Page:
? Lloyd's market should be "watchful" of U.S. protectionism, chairman says
? Location of European authorities in Brussels "no bad thing" in deciding to set up unit there
? No hike in insurance prices on the horizon
Lloyd's of London's Chairman John Nelson told S&P Global Market Intelligence that the location of the main EU institutions in Brussels made it more attractive for Lloyd's to set up its European headquarters there, and he admitted to fears that the protectionism espoused by the new U.S. administration could threaten Lloyd's most important geography by gross written premiums. Nelson will step down in June after six years at the head of Lloyd's, to be replaced by Bruce Carnegie-Brown.
The following is an edited transcript of the conversation.
S&P Global Market Intelligence: You announced [March 30] that Lloyd's EU subsidiary will be based in Brussels. Why did you choose that city over other potential locations such as Luxembourg and Dublin?
John Nelson: We decided before the Brexit referendum that, if it went the way that it did, that we would need to operate within the EU. We need to make sure that all our stakeholders have got seamless access to the EU so that we can place EU risk. That's what we've managed to achieve with this.
We were evaluating against 30-odd criteria, very objectively. I would probably pick out two or three issues that we were very concerned about. One was regulation: The quality of regulation, the depth of the resources available, and the bandwidth of regulation. We are a unique organization, and we need to make sure that we have regulators that understand enough to regulate the market. There we scored Belgium very highly. What's also important to us, being a global organization, is that the regulator is of good quality and has a great reputation, which they do.
The second thing is access to talent. We are satisfied that Belgium has a good talent pool; they have themselves a pretty vibrant insurance sector.
The third reason is that the Lloyd's market is one of the leading insurance brands in the world. If we are going to be onshore in the EU, it behooves us to go to the heart of Europe, and I can't think of anywhere that is more at the heart of Europe than Brussels.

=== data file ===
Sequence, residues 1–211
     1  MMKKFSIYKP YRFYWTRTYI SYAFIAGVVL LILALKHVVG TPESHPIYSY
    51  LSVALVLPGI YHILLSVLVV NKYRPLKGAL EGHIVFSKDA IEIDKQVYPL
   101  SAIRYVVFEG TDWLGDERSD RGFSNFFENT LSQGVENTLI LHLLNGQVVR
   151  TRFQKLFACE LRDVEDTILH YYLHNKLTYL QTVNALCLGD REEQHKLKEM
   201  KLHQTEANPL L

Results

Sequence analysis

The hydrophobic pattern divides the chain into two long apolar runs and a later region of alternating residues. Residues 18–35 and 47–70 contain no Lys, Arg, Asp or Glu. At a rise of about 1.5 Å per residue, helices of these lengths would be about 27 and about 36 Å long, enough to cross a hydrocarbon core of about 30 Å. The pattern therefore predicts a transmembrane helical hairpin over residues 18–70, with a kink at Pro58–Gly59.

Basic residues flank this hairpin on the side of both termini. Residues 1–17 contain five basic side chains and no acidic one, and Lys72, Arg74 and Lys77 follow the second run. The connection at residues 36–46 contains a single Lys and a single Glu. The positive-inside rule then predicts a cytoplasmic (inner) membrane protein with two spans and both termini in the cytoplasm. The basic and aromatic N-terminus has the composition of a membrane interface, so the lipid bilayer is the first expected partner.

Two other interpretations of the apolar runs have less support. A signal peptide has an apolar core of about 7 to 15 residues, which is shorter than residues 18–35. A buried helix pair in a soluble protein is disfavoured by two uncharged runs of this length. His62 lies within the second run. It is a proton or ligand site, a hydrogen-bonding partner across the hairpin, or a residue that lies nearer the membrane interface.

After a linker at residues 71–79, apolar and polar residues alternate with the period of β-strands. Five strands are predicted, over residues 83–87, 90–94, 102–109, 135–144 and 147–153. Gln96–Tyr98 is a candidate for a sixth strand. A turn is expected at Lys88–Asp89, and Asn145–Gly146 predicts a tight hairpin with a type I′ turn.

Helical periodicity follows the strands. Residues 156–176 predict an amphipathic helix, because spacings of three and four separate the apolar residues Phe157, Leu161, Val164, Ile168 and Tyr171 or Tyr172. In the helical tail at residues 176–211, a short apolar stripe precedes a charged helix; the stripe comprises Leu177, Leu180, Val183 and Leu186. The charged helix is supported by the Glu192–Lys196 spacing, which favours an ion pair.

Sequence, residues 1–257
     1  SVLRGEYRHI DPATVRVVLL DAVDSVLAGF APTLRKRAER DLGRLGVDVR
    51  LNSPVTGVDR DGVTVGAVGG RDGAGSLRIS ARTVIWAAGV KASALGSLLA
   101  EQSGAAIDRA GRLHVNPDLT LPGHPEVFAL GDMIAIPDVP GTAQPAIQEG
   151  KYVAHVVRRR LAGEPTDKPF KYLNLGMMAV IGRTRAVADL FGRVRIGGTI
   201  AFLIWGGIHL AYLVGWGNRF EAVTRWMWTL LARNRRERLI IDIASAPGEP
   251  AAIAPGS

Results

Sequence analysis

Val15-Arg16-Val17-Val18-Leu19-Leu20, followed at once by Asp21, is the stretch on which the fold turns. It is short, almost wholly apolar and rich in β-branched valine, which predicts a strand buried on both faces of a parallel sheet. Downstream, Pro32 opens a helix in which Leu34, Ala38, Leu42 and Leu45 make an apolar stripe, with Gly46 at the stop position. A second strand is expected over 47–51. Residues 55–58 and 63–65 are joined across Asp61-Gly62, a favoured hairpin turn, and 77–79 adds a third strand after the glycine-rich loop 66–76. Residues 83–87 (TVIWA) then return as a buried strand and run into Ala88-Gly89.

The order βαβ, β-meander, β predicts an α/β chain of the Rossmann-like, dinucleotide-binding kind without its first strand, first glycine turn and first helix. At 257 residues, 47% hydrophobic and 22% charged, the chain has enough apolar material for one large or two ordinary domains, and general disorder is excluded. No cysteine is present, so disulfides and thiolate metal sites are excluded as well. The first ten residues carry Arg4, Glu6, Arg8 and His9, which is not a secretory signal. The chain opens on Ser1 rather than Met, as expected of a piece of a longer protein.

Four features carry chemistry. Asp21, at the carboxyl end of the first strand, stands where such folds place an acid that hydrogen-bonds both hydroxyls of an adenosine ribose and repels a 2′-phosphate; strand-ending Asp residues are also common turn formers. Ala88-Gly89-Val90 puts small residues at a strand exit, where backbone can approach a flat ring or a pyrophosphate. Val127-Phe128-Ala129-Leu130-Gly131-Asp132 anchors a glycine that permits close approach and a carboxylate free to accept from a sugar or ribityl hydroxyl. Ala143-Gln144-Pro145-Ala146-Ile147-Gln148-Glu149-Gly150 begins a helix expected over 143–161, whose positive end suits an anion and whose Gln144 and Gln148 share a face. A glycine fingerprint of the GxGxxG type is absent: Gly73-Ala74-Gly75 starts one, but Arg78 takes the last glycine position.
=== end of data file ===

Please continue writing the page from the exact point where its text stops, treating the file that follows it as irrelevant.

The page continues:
When you say the heart of Europe, do you also mean that it makes lobbying that much easier?
The fact that the EU is based in Brussels is no bad thing, I would agree with that.
You said in Lloyd's 2016 report that the market should be "watchful" of the policy direction of the Trump administration in the U.S., from which (with the addition of Canada), half of Lloyd's business originates. Is there any action that the new U.S. administration could take that would raise red flags for you?
There are things they could do. They could erect barriers around the U.S. to stop the liberalization of insurance. That would probably be more serious for the U.S. economy than it would be for anybody else. The insurance market by definition is a market about diversifying risk and freedom of capital movement, which helps sustain economies because it takes risk off the balance sheet of the country. I don't see an immediate threat, but we have to be very careful.
How concerned are you about the plunge in the underwriting result for 2016 (to £468 million from £2.05 billion year over year), and when can we expect insurance prices to increase again?
The underwriting result had two drivers: We've had more major claims this year than since 2011. A lot was caused by the Fort McMurray wildfires in Canada and Hurricane Matthew. We expect lumpy claims; some years it's heavy, some years it's not. The second driver is the extraordinary weight of capital in the insurance sector that is driving rates down. It's a fact of life and something that we've got to live with. What's important here is to maintain underwriting discipline, which I think the Lloyd's market has done. Some of my colleagues say these are the toughest conditions they've seen for 20, 25 years. That's probably right. But it's the way the world is.
I don't see any short-term improvement in rates, let's be clear. If base interest rates increase a bit, that will reduce the pressure on specialist insurance markets like ours. That's what one's looking to. And then of course there's always the prospect of a really major catastrophe somewhere that would also have an impact [by taking capital away from the market]. Those are the drivers, but from a planning point of view, we have to be prudent and I think that these conditions aren't going to change in the short term.
Lloyd's is overwhelmingly geared toward developed-markets risks. How much growth do you see from emerging markets?
In the medium to long term, I think there is no question that the major part of growth will come from emerging markets like India and China, although the U.S. is continuing to do quite well on the back of strong economic growth at the moment. We want to really get going on improving our license network worldwide. Under that heading, I would say we've done a very, very good job. The progress we've made in Latin America, in the Middle East, in India, in Singapore, in China, has been very good. It's a continuing effort and the new chairman I know will be taking it very seriously.
Click here for more on Lloyd's full-year 2016 results and its plans for its new subsidiary in Brussels.